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October 13, 2013
After Dan Pink’s speech ‘The Puzzle of Motivation’, the class had a good discussion on ‘whether financial incentive plays an positive role in encouraging employees to get more involved and engaged in work’. Paul, armed with Demin’s theory, affirmatively argued from his past experience that financial incentive does not work. I was shocked, as it sounded way too idealistic to me. Throughout the years of my education, I have always been taught (with my own experience as well) that companies are best to set up a reward-punishment scheme for their employees as methods of motivation, as well as the way of showing fairness towards the work loads each one individual commit to the company. Pink’s speech is mind blowing, yet it was revolutionary from what I have learnt in school before, and I simply could not get my head around.
1. Does Financial Incentive Work?
I believe financial incentive definitely works. Obviously, if the leaders of the companies can get all their employees to WANT to work and LOVE to work and to be 100% devoted, that would be the best case, and in this case, I would agree with Demin and Pink. Yet in reality, it may not always be the case, people have their self-interests and they do get lazy sometimes, etc., then a reward-punishment system would be more effective and efficient. So I would still think that should be a set-up standards of employees’ performance level, and a financial inventive scheme should be adapted as a way of insurance and guarantee of the productivity. Meanwhile the company leaders should search for ways that will motivate their employees and make them want to give out their best performance themselves, if they manage doing so, wonderful, but if not, then at least you have got the financial inventive as an insurance.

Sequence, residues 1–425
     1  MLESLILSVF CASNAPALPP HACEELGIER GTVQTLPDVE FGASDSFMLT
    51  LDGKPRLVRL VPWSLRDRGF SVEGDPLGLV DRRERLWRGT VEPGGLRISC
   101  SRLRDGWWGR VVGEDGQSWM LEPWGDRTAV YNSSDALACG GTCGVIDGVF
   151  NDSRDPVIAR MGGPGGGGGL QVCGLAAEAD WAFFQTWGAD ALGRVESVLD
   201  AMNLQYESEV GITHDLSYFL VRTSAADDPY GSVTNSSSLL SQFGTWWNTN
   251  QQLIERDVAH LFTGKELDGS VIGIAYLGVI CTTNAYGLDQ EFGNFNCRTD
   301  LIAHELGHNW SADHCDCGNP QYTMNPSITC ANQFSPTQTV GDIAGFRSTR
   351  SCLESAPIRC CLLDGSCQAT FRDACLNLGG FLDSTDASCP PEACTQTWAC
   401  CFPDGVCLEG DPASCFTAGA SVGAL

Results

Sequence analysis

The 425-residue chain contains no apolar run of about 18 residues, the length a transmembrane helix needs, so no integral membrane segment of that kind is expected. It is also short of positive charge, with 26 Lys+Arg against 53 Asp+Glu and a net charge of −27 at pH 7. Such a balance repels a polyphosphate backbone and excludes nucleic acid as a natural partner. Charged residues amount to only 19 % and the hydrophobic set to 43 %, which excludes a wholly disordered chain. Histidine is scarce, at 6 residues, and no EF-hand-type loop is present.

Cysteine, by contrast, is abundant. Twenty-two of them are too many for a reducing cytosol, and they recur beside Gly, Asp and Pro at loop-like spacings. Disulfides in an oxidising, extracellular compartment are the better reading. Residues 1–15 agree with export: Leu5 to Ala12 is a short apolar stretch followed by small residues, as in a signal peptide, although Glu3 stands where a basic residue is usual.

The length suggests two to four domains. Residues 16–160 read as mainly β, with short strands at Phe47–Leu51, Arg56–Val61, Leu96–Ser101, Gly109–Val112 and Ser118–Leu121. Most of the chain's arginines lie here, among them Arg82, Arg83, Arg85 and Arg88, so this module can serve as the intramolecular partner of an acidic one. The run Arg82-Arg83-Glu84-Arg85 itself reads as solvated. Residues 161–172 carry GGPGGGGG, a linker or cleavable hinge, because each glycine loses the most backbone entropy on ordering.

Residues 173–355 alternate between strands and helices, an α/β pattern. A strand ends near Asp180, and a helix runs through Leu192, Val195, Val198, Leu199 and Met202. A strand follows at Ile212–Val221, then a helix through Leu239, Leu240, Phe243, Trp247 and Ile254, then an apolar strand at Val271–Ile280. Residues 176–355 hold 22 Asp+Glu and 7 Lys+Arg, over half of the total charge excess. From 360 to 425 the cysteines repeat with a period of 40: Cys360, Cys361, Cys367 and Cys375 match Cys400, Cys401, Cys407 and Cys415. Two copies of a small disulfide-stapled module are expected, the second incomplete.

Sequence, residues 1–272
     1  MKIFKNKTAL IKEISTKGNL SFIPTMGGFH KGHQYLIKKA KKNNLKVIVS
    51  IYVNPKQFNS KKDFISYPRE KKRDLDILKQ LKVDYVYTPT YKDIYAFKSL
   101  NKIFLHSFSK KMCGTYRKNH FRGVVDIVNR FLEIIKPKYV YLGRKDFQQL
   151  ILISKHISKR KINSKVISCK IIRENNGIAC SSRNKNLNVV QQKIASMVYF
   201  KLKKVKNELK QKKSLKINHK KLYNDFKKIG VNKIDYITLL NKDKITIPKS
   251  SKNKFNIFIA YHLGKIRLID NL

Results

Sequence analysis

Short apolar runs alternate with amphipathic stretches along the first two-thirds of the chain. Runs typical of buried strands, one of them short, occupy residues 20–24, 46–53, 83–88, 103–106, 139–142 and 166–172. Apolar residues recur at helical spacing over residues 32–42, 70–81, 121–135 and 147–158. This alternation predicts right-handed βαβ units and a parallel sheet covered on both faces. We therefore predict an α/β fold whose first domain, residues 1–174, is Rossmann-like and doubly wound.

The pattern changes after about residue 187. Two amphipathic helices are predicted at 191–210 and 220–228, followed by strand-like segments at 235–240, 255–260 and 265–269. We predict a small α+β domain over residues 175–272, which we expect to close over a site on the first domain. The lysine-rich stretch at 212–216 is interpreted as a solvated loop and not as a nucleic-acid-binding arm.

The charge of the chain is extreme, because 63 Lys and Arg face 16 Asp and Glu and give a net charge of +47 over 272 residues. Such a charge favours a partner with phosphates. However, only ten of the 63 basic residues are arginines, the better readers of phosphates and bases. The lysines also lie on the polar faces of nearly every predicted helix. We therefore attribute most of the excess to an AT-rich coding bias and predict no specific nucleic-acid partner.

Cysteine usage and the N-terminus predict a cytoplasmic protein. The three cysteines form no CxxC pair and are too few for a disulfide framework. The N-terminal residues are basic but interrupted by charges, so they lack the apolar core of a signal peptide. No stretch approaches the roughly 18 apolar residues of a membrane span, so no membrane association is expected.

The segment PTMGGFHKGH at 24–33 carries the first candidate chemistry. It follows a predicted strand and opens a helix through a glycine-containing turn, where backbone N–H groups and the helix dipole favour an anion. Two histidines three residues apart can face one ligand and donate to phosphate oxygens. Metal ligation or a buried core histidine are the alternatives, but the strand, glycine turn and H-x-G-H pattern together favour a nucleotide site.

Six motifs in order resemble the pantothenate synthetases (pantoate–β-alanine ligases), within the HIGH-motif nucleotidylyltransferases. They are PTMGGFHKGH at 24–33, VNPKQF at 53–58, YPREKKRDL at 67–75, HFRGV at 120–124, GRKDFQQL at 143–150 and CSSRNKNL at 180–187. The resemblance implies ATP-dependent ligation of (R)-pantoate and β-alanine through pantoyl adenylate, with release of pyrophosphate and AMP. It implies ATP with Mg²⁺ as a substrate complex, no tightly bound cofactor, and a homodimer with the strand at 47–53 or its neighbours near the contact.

2. The Difference between Eastern and Western Mindsets
When I was struggling with understanding Paul’s idea, other classmates seem to be quite familiar with such way of thinking. Then I realised how different the East and the West think, how they treat their employees and how they have developed their company cultures as well as the value of the society they live in. The east is often seemed to be way too hard-working, strict and less caring, while the west is much more relaxed. This difference does not only apply to companies, but can also be found when comparing the education systems of the east and west. When I studied in China before coming to the UK, I had classes from 7am to 5pm, followed by a 3-hour study session at night when we supposed to be doing homework, which would be handed in the next morning. The system was extremely strict, and the pressure coming from your teachers was indescribable. Under such system, students are forced to keep studying and learning. It is therefore efficient, and the result is apparent and positive. The UK system is more about self-studying. This can be very affective when it comes to encouraging students to actively think and question the existing literatures by themselves, yet it runs the risk that the students may not be very self-disciplined. I would not argue that one is better than the other. I can see from both sides and I enjoyed both ways of teaching, yet it would be great that if the two system can be combined, that is to say, the English with more teaching hours and teacher-student interactions, while the Chinese gives students more opportunities to learn, think and reflect by themselves.
This leads back to what I have argued earlier, I would argue that do search for effective ways of motivation, but do not deny the effect of financial incentive too, as money is powerful after all.